Myocarditis And pericardial disease Flashcards Preview

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Flashcards in Myocarditis And pericardial disease Deck (30)
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define myocarditis

- Acute inflammation of the myocardium


What are the signs and symptoms of myocarditis

- asymptomatic
- fatigue
- palpitations
- chest pain
- dyspnoea
- fulminant congestive cardiac failure


What are the causes of myocarditis

- idiopathic

- viral = coxsackievirus, adenovirus, CMV, echovirus, influenza
- parasitic - trypansoma cruzi , toxoplasma gondii
- bacterial - streptococcus, diphtheria
- fungal

- drugs - methyldopa, penicillin, sulphonamides
- radiation

- an autoimmune form with auto activated T cells and organ specific antibodies may occur
- Giant cell myocarditis

- alcohol
- hydrocarbons


What investigations do you use to diagnose myocarditis

- Chest X ray
- cardiac enzymes (elevated)
- viral antibody titres
- endomyocardial biopsy
- viral RNA


What would the chest X ray show in myocarditis

- cardiac enlargement


What would the ECG show in myocarditis

- ST changes
- T wave inversion
- Atrial arrhythmias
- AV block
- QT prolongation


How do you manage myocarditis

- bed rest in the acute phase
- avoid athletic activities for 6 months
- heart failure treated with diuretics, ACE inhibits, beta blockers or spironolactone
- antibiotics should be administered immediately
- NSAIDS are contraindicated in the acute phase but can be used in the late phase
- administration of high dose IV immunoglobulin


What is Giant cell myocarditis

- severe form of myocarditis characterised by the presence of multinucleate Giant cells within the myocardium
- associated with sarcoidosis, thymomas and autoimmune disease


What is Chagas disease

- caused by the protozoan trypanosome cruzi and is endemic in South America where upwards of 20 million people are infected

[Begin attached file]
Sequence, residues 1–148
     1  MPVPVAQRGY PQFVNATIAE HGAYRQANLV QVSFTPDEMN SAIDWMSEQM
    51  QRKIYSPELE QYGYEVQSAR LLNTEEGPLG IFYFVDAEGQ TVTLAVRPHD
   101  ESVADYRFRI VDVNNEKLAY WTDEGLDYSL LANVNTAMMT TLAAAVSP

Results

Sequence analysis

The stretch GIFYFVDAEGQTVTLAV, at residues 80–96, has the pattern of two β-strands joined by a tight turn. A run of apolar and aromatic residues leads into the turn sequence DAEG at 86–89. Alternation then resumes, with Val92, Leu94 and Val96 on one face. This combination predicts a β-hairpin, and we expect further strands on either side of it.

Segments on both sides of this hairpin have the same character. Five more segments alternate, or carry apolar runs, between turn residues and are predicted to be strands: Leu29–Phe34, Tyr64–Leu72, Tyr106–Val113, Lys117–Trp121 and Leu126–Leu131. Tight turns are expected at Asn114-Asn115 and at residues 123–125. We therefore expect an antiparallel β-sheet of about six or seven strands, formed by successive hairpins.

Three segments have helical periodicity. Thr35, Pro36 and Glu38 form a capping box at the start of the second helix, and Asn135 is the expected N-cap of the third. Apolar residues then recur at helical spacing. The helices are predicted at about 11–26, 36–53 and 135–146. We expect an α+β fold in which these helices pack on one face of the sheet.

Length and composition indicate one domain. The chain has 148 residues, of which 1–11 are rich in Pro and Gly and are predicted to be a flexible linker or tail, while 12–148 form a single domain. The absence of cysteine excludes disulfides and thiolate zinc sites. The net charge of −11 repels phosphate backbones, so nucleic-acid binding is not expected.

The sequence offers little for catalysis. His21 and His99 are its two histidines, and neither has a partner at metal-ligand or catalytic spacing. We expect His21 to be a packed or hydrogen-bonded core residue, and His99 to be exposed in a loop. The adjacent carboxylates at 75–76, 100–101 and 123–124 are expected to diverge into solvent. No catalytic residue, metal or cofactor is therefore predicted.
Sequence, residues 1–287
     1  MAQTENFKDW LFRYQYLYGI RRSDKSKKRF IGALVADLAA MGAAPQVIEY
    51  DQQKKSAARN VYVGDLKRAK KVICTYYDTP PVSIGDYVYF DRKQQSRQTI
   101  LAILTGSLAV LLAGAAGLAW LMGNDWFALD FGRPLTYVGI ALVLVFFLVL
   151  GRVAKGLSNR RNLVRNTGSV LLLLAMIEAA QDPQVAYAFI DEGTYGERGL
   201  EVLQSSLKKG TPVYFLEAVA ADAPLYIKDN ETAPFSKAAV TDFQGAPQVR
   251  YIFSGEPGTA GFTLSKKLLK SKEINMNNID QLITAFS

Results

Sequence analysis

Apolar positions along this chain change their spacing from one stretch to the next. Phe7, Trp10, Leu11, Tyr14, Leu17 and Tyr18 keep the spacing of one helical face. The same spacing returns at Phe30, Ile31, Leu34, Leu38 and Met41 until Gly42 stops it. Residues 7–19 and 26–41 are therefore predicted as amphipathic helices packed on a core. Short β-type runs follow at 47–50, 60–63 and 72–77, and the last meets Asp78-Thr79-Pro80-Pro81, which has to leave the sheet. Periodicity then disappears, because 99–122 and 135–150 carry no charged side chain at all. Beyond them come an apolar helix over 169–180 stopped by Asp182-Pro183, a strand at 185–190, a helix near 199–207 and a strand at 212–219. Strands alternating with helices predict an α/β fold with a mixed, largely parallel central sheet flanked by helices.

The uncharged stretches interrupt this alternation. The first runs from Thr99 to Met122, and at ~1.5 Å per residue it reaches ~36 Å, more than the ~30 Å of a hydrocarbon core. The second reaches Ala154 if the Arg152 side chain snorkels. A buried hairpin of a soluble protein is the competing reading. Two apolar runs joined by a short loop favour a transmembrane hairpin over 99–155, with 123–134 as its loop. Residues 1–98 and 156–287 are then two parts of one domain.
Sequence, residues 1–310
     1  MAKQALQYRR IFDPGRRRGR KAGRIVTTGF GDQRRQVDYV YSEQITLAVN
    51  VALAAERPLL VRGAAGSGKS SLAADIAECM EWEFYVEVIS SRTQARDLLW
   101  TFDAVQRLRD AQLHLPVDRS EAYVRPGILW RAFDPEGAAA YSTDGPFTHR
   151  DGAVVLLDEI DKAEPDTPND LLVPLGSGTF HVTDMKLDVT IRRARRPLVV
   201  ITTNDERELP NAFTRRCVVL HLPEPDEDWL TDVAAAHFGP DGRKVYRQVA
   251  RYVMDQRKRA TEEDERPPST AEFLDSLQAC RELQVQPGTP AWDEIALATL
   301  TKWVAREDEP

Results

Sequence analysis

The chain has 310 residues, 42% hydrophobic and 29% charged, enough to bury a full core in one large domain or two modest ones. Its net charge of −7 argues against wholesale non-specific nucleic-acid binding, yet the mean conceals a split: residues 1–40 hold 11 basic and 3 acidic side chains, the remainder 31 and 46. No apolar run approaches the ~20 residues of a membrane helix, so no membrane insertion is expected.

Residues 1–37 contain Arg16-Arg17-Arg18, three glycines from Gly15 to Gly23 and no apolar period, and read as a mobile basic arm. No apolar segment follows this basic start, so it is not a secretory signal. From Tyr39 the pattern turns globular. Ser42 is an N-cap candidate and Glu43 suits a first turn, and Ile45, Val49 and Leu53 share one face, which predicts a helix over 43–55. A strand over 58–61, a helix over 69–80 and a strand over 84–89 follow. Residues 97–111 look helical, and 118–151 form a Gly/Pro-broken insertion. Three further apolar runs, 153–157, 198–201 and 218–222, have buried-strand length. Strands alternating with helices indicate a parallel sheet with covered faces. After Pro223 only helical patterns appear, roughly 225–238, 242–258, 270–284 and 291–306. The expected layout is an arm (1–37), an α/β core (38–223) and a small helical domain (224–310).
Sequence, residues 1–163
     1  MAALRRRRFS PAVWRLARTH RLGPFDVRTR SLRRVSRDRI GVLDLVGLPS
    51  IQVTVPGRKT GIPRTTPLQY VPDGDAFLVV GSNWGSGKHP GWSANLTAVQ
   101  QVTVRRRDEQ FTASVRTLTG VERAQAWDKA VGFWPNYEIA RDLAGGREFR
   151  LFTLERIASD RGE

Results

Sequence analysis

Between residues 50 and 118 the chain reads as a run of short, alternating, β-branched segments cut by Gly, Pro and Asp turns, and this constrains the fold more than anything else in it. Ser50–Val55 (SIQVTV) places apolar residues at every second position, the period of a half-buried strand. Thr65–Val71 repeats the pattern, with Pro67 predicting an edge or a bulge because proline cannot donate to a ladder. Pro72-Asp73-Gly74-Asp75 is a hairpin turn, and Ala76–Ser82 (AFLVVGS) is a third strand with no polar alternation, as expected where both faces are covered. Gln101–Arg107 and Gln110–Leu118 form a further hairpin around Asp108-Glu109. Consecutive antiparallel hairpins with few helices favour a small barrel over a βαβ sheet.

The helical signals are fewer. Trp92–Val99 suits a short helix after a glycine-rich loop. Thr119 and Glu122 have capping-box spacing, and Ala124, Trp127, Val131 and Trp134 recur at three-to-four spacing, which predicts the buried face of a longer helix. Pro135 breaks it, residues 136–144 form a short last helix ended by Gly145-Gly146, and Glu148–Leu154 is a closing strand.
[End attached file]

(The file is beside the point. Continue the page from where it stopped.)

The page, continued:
- features of myocarditis are present with fever and congestive heart failure
- progression to a dilated cardiomyopathy with a propensity towards heart block and ventricular arrhythmias


What is acute pericarditis

- Inflammation of the pericardium


What are the two types of causes of acute pericarditis

- Idiopathic
- Secondary


What are the secondary causes of acute pericarditis

- Viruses - such as coxsackie, echovirus, EBV, CMV, adenovirus
- bacteria - such as TB, Lyme disease, Q fever, pneumonia, rheumatic fever
- fungi and parasite - usually in immunocompromised
- autoimmune
- drugs - hydralazine, penicillin, isoniazid, chemotherapy
- metabolic
- trauma, surgery, malignancy


What are the symptoms of acute pericarditis

- chest pain worse on inspiration or lying flat
- chest pain relieved by sitting forward
- pericardial friction rub may be heard
- fever can occur


What does an ECG look like in acute pericarditis

- Concave ST segements elevation (saddle shaped)
- PR depression


What investigations can you carry out for acute pericarditis

- blood tests - FBC, ESR, U&E, Cardiac enzymes
- CXR - cardiomegaly
- echo - if suspected pericardial effusion


What Is the treatment for acute pericarditis

- NSAIDs or aspirin with gastric protection for 1-2 weeks
- add colchicine 500mcg for 3 months to reduce risk of recurrence
- rest until symptoms resolve
- treat the cause


What is pericardial effusion

- accumulation of fluid in the pericardial sac


What are the causes of pericardial effusion

- pericarditis
- myocardial rupture
- aortic dissection
- pericardium filling with pus
- malignancy


What are the clinical features of pericardial effusion

- dyspnoea
- chest pain
- signs of local structures being compressed - nausea due to diaphragm,
- bronchial breathing at left based
- muffled heart sounds


How do you diagnose pericardial effusion

- CXR - shows enlarged heart
- ECG - low voltage QRS complex


How do you manage pericardial effusion

- Treat underlying cause
- Pericardiocentesis may be diagnostic (infection) or therapeutic (Cardiac tamponade)


What is constrictive pericarditis

This is when the heart is encased in a rigid pericardium


What are the causes of constrictive pericarditis

- often unknown - elsewhere TB or after any pericarditis


What are the clinical features of constrictive pericarditis

- right heart failure with raised JVP
- Kussmaul's sign
- soft diffuse apex beat
- quiet heart sounds
- S3
- diastolic pericardial knock
- hepatosplenomegaly
- ascites
- oedema


What is kussmauls sign

- JVP rising paradoxically with inspiration


What investigations would you see and do for constrictive pericarditis

- CXR = small heart and pericardial calcification


How do you manage constrictive pericarditis

surgical excision


What is cardiac tamponade

- A pericardial effusion that raises intrapericaridal pressure reducing ventricular filling and dropping cardiac output


What are the signs of cardiac tamponade

- increase in pulse
- decrease in blood pressure
- pulses paradoxus
- increase in JVP
- kussmaul's sing
- muffled S1 and S2


How can you diagnose cardiac tamponade

- becks triad = falling BP, rising JVP, muffled heart sounds
- ECG - low voltage QRS